He had wanted to retire since the disastrous whitewash in Pakistan in 1997 but a combination of wanting to prove the selectors wrong and some coaxing from Brian Lara made him continue for 3 further years. He could have avoided the ugly mess before and during the first ever tour by a mostly black test team in the former Apartheid nation but then he would have missed the surprising series win against England at home and the sensational 2-2 draw against Australia at home. I can only imagine the beaming smile going from ear to ear where he writes that he faced Australia 6 times in his career and ended up on the winning side thrice and leads the head to head 3-2. Ultimately, he decided that the 2000 series against England was enough. The only time he was on the losing side against the old enemy.

He dedicates an entire chapter to Sachin vs Brian but it was one of the more disappointing pages of the book. There is absolutely no new insight. The same old SRT was solid, Lara was flamboyant. SRT never gave you a chance but Lara looked to attack etc. Lara was a party boy, SRT was composed and calm. You know, the usual. As one of the most incisive bowlers of all time, I expected more analysis from Ambrose but they hardly played each other so maybe that had a role to play. He also validates and seconds my personally held belief that Carl Hooper is THE most talented batsman I have seen play. He firmly puts him above Lara in the talent quotient but chastises him for not fully maximising his abilities. He also says Chanderpaul was nowhere near as talented as both Lara or Hooper but his determination and drive made him a superior batsman to his fellow Guyanese Charmer. He also seems to hold a very high regard for Ponting and Kallis which I found somewhat surprising.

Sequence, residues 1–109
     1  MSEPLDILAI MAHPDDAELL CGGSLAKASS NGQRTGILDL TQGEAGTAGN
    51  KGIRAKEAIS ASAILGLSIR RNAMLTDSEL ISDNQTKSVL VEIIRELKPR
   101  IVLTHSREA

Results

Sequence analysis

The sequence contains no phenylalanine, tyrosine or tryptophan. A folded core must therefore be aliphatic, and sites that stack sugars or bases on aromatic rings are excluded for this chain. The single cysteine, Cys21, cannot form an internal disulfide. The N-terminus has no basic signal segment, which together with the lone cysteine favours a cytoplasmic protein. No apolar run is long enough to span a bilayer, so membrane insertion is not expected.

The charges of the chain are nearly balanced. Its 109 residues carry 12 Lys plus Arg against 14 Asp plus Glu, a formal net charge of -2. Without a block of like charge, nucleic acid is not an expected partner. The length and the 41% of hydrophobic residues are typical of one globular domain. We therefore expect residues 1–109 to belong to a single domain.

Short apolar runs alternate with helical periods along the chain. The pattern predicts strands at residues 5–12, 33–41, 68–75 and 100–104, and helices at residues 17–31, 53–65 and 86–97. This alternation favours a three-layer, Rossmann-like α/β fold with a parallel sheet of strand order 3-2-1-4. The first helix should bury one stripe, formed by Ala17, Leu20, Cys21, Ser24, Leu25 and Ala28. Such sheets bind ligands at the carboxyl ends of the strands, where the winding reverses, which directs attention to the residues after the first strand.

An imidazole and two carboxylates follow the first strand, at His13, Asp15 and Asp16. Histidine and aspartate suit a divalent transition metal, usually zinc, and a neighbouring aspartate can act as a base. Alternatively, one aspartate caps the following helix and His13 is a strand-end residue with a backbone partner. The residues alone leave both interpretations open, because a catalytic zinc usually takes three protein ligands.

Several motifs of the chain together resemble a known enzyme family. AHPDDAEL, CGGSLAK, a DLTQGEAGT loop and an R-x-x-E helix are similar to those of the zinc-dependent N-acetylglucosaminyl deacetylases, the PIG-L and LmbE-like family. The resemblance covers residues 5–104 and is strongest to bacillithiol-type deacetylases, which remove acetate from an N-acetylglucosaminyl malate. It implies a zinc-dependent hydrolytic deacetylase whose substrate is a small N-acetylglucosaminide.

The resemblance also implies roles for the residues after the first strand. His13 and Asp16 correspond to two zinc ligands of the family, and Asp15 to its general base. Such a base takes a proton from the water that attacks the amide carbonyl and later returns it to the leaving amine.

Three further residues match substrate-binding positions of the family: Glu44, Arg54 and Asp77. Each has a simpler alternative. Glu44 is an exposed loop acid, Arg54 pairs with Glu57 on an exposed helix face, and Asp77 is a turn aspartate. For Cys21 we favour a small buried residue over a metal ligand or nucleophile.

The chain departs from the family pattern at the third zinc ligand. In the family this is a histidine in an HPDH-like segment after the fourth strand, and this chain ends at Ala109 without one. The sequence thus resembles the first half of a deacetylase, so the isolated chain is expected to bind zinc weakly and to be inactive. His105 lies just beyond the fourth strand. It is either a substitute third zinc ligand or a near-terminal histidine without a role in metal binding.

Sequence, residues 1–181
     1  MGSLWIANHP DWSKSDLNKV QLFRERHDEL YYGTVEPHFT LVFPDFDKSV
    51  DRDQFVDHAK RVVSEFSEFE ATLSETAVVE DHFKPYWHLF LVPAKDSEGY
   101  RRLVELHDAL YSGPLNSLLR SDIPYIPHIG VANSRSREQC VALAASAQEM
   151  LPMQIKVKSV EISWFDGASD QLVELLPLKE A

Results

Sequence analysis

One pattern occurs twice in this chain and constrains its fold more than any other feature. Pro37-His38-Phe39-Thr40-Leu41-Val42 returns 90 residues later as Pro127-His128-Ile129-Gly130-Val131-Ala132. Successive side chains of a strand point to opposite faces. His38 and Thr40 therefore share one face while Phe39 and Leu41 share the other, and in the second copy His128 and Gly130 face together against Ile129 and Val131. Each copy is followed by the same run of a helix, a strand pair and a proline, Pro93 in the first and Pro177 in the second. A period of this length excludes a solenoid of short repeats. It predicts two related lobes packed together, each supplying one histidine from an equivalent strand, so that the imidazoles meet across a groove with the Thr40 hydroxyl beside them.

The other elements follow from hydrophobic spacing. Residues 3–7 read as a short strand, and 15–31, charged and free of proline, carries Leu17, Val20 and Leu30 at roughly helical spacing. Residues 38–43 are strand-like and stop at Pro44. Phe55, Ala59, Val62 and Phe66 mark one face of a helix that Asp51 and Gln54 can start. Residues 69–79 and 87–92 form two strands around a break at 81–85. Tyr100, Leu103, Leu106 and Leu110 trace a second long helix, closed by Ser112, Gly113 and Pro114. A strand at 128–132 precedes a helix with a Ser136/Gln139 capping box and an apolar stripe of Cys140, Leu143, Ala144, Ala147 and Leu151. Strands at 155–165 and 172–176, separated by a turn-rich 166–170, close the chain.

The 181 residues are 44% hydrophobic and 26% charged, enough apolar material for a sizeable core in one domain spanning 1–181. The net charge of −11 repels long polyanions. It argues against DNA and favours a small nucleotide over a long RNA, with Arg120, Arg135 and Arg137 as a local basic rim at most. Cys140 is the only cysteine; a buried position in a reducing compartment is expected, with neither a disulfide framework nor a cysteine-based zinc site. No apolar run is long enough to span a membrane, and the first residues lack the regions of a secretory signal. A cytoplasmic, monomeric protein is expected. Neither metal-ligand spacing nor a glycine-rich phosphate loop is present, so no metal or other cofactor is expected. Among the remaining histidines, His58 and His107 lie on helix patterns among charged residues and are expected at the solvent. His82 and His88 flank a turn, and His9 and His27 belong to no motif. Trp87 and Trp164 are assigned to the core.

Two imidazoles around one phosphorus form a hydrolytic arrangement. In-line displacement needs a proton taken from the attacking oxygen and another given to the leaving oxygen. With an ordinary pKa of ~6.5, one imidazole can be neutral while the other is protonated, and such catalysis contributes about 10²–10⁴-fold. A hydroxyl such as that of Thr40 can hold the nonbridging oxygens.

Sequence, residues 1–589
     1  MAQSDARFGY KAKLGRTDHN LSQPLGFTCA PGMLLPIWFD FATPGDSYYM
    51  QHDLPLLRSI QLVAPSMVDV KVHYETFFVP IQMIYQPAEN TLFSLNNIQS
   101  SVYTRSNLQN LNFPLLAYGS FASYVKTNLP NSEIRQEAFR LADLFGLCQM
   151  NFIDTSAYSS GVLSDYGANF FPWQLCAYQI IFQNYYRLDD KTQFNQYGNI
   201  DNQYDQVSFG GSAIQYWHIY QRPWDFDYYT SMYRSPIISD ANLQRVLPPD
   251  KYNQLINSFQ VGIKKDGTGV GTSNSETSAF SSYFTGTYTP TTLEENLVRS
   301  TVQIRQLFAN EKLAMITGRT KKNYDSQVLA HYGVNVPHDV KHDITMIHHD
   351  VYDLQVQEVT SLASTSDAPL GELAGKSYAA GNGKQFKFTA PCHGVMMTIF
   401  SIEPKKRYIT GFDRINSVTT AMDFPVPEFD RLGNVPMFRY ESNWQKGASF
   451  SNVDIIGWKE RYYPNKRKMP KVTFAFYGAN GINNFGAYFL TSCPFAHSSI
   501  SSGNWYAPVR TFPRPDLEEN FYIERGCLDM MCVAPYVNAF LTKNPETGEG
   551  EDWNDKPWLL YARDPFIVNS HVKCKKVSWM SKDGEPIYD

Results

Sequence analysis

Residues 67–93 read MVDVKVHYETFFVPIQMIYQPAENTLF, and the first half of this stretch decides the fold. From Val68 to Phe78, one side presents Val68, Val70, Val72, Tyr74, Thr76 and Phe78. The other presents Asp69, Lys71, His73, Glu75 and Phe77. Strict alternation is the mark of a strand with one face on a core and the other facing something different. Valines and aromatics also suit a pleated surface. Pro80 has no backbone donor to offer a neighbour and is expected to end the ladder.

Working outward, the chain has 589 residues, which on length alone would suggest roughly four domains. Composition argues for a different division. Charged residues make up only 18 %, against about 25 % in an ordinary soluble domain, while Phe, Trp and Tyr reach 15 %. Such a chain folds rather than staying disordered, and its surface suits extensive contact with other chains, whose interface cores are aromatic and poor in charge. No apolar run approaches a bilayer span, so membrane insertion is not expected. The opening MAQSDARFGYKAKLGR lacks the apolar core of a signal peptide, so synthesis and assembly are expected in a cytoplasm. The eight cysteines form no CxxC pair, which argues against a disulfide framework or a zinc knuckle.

The most disappointing aspect of the entire autobiography is that there is no separate chapter dedicated to his long time colleague and cricketing spouse: Courtney Andrew Walsh. The book is interspersed with little anecdotes of how close Walsh is to him. He even calls him his unofficial brother who probably would have been the best man but for the elder David Ambrose. Yet, there is no separate chapter for the two. Having said that there is genuine love and respect for the gentle genial Jamaican that simply oozes from the words. Like Helen Seinfeld repeatedly asks, "How can anyone not like Courtney Walsh?".